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This possibility was explained to me several weeks before my Penn trip by a second-year Goldman Sachs analyst, who stopped me short when I posited that college students flock to Wall Street in order to cash in. “Money is part of it,” he said. “But mostly, they do it because it’s easy.” He proceeded to explain that by coming onto campus to recruit, by blitzing students with information and making the application process as simple as dropping a résumé into a box, by following up relentlessly and promising to inform applicants about job offers in the fall of their senior year—months before firms in most other industries—Wall Street banks had made themselves the obvious destinations for students at top- tier colleges who are confused about their careers, don’t want to lock themselves in to a narrow preprofessional track by going to law or medi- cal school, and are looking to put off the big decisions for two years while they figure things out. Banks, in other words, have become extremely skilled at appealing to the anxieties of overachieving young people and inserting themselves as the solution to those worries. And the irony is that although we think of Wall Street as a risk-loving business, the re- cruiting process often appeals most to the terrified and insecure. “It’s incredibly risk averse,” the Goldman analyst told me. “Think about it: if you go to a bank, you make as much money as anything ex- cept hedge funds, private equity, or possibly a tech startup. Those things are wildly more risky and a lot harder to do. So if a bank comes to me with an opportunity to lock down a good, high-paying job in September of my senior year without working too hard for it, I’m going to privilege that over anything else I might be thinking about doing.” After watching Penn students line up to nab precious seconds of face time with Morgan Stanley recruiters that night, I couldn’t help feeling like not much had changed since the financial crisis. Whether because of the structured, well-timed nature of recruiting or simply Penn’s finance- centric campus culture, the fact remained that these jobs were still ob- jects of intense desire. Even a financial near-Armageddon, it seemed, hadn’t been able to dislodge Wall Street from its pedestal. And I won- dered: if students at Penn couldn’t be swayed from their synchronized march to big banks by the worst economic crisis since the Great Depres- sion, was the financial sector’s allure simply irresistible? Excerpted from the book YOUNG MONEY: Inside the Hidden World of Wall Street’s Post-Crash Recruits by Kevin Roose. Copyright (c) 2014 by Kevin Roose. Reprinted by permission of Grand Central Publishing. All rights reserved. Kevin Roose is a business and technology writer for New York Magazine and NYMag.com. Previously, he was a staff reporter for The New York Times, where he covered Wall Street for the business section and for DealBook, The Times’ award-winning financial news site. He is the author of The Unlikely Disciple, and his writing has appeared in GQ, Esquire, ESPN: The Magazine, and other major publications. *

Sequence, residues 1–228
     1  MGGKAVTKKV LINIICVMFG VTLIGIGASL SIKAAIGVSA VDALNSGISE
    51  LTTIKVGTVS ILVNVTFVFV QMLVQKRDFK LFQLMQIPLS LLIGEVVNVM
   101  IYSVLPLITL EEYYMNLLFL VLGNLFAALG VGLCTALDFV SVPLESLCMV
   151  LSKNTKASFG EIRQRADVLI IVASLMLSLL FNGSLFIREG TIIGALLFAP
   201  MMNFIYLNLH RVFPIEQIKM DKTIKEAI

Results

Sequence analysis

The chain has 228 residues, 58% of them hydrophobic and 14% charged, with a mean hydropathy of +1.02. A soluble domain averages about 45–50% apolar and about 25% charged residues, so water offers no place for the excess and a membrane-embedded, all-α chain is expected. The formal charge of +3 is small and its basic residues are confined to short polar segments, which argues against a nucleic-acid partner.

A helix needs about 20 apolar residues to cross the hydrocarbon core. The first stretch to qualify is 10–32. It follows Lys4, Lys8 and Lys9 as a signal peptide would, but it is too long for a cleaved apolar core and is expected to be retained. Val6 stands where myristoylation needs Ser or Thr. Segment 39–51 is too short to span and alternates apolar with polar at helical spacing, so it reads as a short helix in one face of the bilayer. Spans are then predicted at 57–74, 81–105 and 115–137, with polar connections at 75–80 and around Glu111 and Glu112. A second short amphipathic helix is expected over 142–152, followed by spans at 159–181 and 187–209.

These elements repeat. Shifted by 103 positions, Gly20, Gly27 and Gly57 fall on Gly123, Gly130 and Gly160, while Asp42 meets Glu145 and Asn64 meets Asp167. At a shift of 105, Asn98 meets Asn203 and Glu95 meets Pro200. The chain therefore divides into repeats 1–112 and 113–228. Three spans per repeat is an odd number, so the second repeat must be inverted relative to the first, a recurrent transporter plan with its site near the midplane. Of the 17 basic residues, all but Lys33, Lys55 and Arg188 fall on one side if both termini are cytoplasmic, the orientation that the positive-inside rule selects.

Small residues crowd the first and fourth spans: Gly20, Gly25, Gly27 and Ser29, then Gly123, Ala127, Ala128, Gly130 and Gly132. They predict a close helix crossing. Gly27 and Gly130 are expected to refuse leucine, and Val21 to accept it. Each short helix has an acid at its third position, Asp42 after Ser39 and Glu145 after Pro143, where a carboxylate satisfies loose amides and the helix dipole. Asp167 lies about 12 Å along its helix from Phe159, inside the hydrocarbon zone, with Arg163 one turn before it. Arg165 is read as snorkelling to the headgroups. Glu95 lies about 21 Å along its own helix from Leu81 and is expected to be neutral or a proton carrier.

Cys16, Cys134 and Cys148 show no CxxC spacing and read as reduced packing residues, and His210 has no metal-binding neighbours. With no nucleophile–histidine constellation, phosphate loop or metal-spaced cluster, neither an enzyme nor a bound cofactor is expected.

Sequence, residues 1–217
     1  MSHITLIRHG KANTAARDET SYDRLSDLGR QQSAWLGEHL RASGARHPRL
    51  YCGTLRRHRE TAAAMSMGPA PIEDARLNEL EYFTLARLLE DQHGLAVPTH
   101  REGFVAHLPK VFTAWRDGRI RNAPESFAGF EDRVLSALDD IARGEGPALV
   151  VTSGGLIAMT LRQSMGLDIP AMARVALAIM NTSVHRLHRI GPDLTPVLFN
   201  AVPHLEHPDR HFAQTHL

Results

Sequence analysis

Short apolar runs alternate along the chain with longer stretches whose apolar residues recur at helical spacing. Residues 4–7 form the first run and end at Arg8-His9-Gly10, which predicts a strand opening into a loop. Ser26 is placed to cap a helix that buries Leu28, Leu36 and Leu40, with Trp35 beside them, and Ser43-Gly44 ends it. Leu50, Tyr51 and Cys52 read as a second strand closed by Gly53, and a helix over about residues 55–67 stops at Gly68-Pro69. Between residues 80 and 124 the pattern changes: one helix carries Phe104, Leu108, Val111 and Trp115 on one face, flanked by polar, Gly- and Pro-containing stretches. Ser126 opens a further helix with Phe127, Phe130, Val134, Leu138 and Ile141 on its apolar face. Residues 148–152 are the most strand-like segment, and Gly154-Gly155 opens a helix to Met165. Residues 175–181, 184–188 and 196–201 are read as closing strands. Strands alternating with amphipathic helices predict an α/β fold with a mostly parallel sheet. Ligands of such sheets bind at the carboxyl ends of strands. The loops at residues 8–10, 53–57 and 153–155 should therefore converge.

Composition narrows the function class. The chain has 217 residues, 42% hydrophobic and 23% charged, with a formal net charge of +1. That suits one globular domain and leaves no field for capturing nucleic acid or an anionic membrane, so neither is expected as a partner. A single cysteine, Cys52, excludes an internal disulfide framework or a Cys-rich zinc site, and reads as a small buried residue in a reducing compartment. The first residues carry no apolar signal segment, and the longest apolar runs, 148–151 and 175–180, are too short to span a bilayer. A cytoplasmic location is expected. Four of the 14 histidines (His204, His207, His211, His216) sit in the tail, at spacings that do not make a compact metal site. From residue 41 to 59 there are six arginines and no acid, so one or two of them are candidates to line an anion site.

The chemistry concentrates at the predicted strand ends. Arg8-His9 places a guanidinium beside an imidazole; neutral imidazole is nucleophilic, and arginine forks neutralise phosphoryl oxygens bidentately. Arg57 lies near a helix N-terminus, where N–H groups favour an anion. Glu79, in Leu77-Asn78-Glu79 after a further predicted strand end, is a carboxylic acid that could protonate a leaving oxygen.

You can now buy the “Investment Banking Interview Prep Pack” for $79.99 from Wall Street Oasis; the “Ace the Technical Investment Bank- ing Interview” webcast and PDF guide for $99 from Wall Street Prep; or, if you’re really playing catch-up and don’t mind shelling out, a four-day “Intern Core Skills” workshop from Adkins Matchett and Toy for $3,000. Wharton students generally don’t need these study aids, since they al- ready learn advanced financial skills in their classes. Still, in an attempt to garner offers from their financial firms of choice, they spend months bur- nishing their résumés, practicing their interview skills and elevator pitches, and poring over the Money and Investing section of the Wall Street Jour- nal in order to arm themselves with sufficient knowledge to impress the recruiters. And then, every year, they head off to information sessions to begin closing the deal. It wasn’t always such an ordeal. For many years, Wall Street banks re- cruited like any other corporation—hiring a handful of graduates from top colleges to fill their junior ranks and employing them indefinitely. But in the early 1980s, banks began instituting what became the mod- ern Wall Street recruiting program, in which college seniors are hired for two-year stints as analysts. After their two years are up, analysts are expected to find work at a hedge fund or private equity firm, or, in a few cases, get an offer to stay on for a third year of banking. The ones who don’t are gently shown the door. This new plan, nicknamed “two and out,” was a brilliant tactical move. Selling Wall Street jobs to undergraduates as a temporary com- mitment rather than a lifelong career enabled banks to attract a whole different breed of recruit—smart, ambitious college seniors who weren’t sure they wanted to be bankers but could be convinced to spend two years at a bank, gaining general business skills and adding a prestigious name to their résumés in preparation for their next moves. The strat- egy also created a generation of accidental financiers—people who had graduated from elite colleges with philosophy or history degrees, had no specific interest in or talent for high finance, yet found themselves still collecting paychecks from a big bank three decades later. At Penn, though, most of the enthusiasm was genuine. “Finance is a great industry filled with great people,” one revved-up student told me. “Traders are probably the coolest people you’ll ever meet!” raved another. Morgan Stanley’s actual recruiting pitch was a fairly unremarkable col- lection of corporate banalities (“culture of excellence,” “world-class men- toring opportunities”) and promises of prestigious “exit opps” once the analyst years were over. But few words were given to describing the actual, day-to-day work of being a first-year analyst. And nobody from the bank mentioned the biggest reason a college senior might be attracted to Wall Street—namely, the fact that first-year analyst jobs pay a starting salary of around $70,000, with a year-end bonus that can be upwards of $50,000. The lack of overt focus on money surprised me, though perhaps it shouldn’t have. As strange as it sounds, a big paycheck may not in fact be central to Wall Street’s allure for a certain cohort of young people.